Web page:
UbiSoft – Call of Cthulhu: Dark Corners of the Earth review

spooky and scary Lovecraftian adventure game
Photo of UbiSoft – Call of Cthulhu: Dark Corners of the Earth

We figured we were ready to explore the Dark Corners of the Earth. After all, we’ve been to Blackpool on a Bank Holiday weekend. We’ve been out in Manchester on a Saturday night. Hell, we’ve been to Hull. We’ve seen a lot of dark things. But Ubisoft’s first-person horror action-adventure is dripping with moments that even we found scary.

The Cthulhu mythos was penned by horror novelist HP Lovecraft. It’s spooky and fantastical stuff, involving ancient creatures who built vast hidden cities on Earth, not to mention sanity-shattering beings trying to break into this world from another dimension. And one of the most positive aspects of Dark Corners of the Earth is that it actually does justice to these nightmarish fantasies.

Atmosphere is the key, as always with horror games. Developer Headfirst has pulled off a suitably bleak 1920s setting, with the emphasis on gloomy alleyways, rat-infested basements and creepy ghost towns. Graphically, it feels a little dated; for example, some door and window textures look “pasted on” to the walls. However, the softly lit dark environments do keep the chilling ambience rolling along nicely.

As do the sound effects, which are used to great effect. Not only is there an array of creaking floorboards and slowly drip-dripping water, but your character hears whispering voices in his head. This is all part of a “sanity” mechanic the developers have introduced, whereby the more horrific scenes you witness, the more you start to lose your grip on the world (with visual distortions and even the game’s controls going weird).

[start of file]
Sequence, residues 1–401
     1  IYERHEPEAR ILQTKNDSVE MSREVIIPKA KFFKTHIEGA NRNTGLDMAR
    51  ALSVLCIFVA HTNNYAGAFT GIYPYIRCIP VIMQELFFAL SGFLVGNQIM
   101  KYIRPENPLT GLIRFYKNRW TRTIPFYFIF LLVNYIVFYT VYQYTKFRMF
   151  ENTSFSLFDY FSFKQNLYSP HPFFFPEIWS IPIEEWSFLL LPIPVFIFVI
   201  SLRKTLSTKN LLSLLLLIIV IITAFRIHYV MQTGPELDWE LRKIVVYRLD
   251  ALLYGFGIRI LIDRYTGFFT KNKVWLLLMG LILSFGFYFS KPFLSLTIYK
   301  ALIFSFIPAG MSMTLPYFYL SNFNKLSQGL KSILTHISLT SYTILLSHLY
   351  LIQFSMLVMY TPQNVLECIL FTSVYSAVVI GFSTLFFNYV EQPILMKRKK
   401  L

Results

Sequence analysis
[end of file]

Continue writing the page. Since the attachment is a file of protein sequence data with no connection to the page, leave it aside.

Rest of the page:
There’s plenty to unsettle you if you’re playing alone late at night, and not just the freaky stuff either. There are some dynamic set pieces, such as a scene where you’re being chased across rooftops by mad cultist types, which definitely gets the old ticker pounding. And there are tense stealth sections, too, alongside the standard sort of adventuring, puzzling and gun-fighting you’d expect.

It’s a laudably varied package, but it has its problems, the most noticeable of which is that old beast linearity. This is definitely an adventure which channels you around, with areas being blocked off by artificial means until you’re supposed to visit them.

Other niggles include trial and error sections, such as attempting to sneak past multiple enemies, which have to be repeated over and over again, as it’s only possible to save at set points. And while the developer has dispensed with a HUD (head-up display) entirely, a commendable move on the immersion front, the lack of context-sensitive icons to indicate objects the player can interact with sometimes causes you to miss things.

One final weakness lies with the enemy AI. It’s not bad on the whole, but is prone to moments of absurdity. For example, you’re spotted by a couple of goons with shotguns, who open fire and give chase. Simply legging it around a corner will sometimes make them lose track of you completely, even if you’re in a dead end and they could clearly see where you ran. This breaks the spell of the realism and atmosphere the developer has otherwise cultivated to some extent.

Nevertheless, Dark Corners of the Earth proves to be a largely enjoyable mix of adventuring and horror, stealthing and shooting, with a well woven story line that captures the spirit of the Cthulhu mythos. An extra bonus is that it’s cheaply priced compared to your average game.

Company: UbiSoft

At twenty quid, you're getting a suitably dark and moody - and downright scary at times - slice of Lovecraftian adventure. It's highly linear, and there are certainly design flaws, but nothing that prevents this from being a worthy purchase.